When I was in highschool, I read Microserfs by Douglas Coupland, one of my all-time favourite authors. I used it in my big English project in either grade 12 or my OAC year. (Aside: remember when you thought you’d never forget the details of your highschool existence? Well, you totally do.) I don’t remember the whole point of the project, but I remember that one of the points I was trying to make was that Internet-speak (short forms, emoticons and LOLspeak) was going to dumb down communication and make us all terrible spellers. Keep in mind that this was circa 1996-1997.
Maybe I should have gotten into futurism as a career. At least I can still spell.
The description of Microserfs from Douglas Coupland’s website is this (emphasis mine):
Microserfs first appeared in short story form as the cover article for the January 1994 issue of Wired magazine and was subsequently expanded to full novel length. Set in the early 1990s, it captures the state of the technology industry before Windows 95, and predicts the dot-com bubble of the late 1990s.
The novel is presented in the form of diary entries maintained on a PowerBook by the narrator, Daniel. Because of this, as well as its formatting and usage of emoticons, this novel is similar to what emerged a decade later as the blog format.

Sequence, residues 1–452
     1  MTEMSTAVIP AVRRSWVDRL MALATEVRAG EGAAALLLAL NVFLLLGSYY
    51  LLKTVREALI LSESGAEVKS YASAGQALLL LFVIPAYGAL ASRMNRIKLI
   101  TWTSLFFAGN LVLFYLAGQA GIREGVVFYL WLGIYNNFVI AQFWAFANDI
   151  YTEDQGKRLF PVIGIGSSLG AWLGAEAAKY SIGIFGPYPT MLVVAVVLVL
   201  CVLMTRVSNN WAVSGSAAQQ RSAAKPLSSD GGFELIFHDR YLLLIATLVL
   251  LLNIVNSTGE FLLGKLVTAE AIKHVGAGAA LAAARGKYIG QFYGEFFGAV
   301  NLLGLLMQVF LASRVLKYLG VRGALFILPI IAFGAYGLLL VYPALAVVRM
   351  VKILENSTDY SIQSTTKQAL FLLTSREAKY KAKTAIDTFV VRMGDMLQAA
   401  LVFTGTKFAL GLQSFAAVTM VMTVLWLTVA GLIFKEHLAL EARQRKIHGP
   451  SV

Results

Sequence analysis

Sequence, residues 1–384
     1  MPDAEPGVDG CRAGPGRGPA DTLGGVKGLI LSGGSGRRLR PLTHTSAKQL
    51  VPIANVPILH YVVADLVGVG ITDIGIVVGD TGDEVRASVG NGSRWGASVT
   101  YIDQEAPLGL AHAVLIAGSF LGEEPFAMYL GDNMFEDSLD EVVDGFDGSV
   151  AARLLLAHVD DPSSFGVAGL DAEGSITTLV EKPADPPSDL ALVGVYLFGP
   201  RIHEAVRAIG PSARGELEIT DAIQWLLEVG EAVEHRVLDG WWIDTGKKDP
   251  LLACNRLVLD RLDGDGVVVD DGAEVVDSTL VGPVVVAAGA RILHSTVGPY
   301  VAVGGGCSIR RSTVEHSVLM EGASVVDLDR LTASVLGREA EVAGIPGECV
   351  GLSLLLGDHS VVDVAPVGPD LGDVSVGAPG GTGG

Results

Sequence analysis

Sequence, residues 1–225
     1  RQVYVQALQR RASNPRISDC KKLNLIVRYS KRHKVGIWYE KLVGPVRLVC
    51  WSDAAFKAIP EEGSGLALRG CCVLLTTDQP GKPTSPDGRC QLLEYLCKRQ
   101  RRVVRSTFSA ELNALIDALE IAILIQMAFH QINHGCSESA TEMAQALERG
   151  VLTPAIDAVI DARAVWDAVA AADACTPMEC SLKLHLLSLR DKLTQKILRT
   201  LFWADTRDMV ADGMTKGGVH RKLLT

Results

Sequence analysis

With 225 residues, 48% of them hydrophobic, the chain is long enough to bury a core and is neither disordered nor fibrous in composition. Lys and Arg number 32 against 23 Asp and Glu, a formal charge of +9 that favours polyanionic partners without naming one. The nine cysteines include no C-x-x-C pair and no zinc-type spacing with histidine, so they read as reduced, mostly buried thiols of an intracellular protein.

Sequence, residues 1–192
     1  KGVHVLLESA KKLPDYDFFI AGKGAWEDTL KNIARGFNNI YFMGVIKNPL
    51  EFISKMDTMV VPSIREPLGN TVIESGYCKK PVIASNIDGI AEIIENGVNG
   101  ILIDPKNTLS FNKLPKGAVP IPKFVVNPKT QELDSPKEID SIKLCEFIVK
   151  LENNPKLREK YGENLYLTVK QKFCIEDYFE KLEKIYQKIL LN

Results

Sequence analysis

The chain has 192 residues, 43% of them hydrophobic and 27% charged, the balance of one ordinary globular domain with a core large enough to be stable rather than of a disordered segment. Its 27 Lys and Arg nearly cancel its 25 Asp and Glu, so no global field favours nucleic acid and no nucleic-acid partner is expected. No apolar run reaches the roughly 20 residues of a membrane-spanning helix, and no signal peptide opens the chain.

When I was in highschool. I could have taken a basic intro to computer programming course. I think it covered Pascal and Fortran, but I’d have to confirm that with Sean who did take the course. I thought programming would be too hard so I didn’t take it. I took a word processing course instead (WordPerfect in DOS! Don’t miss that!). That course – along with my journalism class that wrote and designed the school newspaper and yearbook for that year – put me on a path to my eventual career in graphic design and document layout. But now I’m kicking myself for not taking the programming course too.
That last paragraph makes me feel like such a feminine cliché. Remind me to tell Flora not to underestimate herself when she is a teenager. I could blame the general slacker culture of the 1990s for my own hesitance, but ultimately, I know I was lazy. I could have done better in school and tried harder. I just didn’t want to.
A few weeks ago, I signed up for Codecademy, a site that teaches basic coding skills for the web, and in various programming languages. I’ve been working through the Web Fundamentals track because my HTML skills are woefully out of date. I took my first HTML course on a Saturday afternoon in 1999 back in college. I learned the basics and ran with them. I created several shitty websites. Including the one that got me an interview for my first job as I had posted my resume on it. With my full mailing address. How naive was I?
Today I saw this video from Code.org. It’s less than ten minutes so you should watch it.
I’m not so sure of what I think about little kids learning to code (they get so much screen time as it is), but now I’m finally diving in. I’m desperate to create something I’m proud of. Learning to code adds another tool to my arsenal.
Learning to code is teaching me patience and perserverance. Those are skills I need away from the computer. Being able to create something is almost a bonus.